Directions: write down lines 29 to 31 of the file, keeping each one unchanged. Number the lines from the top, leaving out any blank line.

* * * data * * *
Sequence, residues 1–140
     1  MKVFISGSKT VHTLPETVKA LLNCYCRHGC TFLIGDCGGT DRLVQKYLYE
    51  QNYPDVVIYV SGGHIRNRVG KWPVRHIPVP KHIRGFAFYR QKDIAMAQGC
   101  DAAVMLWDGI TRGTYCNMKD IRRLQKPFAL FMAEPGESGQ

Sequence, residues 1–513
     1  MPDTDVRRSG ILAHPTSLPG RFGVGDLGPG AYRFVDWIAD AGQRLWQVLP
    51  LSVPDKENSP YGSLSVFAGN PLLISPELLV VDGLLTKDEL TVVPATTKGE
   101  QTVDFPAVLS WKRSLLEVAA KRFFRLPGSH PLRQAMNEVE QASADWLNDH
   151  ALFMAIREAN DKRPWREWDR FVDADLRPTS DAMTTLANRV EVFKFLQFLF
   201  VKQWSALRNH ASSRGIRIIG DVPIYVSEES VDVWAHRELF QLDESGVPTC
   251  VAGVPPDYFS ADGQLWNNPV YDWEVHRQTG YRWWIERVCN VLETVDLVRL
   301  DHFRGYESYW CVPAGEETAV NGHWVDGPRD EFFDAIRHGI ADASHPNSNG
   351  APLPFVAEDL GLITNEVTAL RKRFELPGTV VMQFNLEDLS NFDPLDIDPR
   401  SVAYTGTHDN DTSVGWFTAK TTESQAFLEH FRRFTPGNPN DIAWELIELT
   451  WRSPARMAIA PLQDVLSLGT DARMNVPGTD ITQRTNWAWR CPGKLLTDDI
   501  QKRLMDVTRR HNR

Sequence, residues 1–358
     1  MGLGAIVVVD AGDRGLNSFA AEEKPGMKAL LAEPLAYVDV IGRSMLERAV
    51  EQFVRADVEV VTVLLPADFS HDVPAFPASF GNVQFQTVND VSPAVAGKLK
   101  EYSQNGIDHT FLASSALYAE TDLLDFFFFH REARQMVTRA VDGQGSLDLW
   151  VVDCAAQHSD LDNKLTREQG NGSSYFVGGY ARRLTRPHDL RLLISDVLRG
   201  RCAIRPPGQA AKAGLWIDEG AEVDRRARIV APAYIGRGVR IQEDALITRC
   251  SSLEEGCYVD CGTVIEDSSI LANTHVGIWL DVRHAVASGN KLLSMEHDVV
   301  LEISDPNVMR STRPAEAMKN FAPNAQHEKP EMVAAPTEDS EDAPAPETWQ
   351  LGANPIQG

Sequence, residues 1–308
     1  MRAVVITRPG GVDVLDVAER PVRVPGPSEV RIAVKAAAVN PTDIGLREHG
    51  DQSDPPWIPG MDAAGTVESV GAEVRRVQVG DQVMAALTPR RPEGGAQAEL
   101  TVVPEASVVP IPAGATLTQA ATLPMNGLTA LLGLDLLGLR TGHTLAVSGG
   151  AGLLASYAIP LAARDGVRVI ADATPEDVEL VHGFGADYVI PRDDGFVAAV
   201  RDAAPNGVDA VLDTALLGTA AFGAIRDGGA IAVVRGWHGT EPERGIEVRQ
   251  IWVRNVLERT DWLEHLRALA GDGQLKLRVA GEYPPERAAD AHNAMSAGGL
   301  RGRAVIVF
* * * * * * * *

   101  TVVPEASVVP IPAGATLTQA ATLPMNGLTA LLGLDLLGLR TGHTLAVSGG
   151  AGLLASYAIP LAARDGVRVI ADATPEDVEL VHGFGADYVI PRDDGFVAAV
   201  RDAAPNGVDA VLDTALLGTA AFGAIRDGGA IAVVRGWHGT EPERGIEVRQ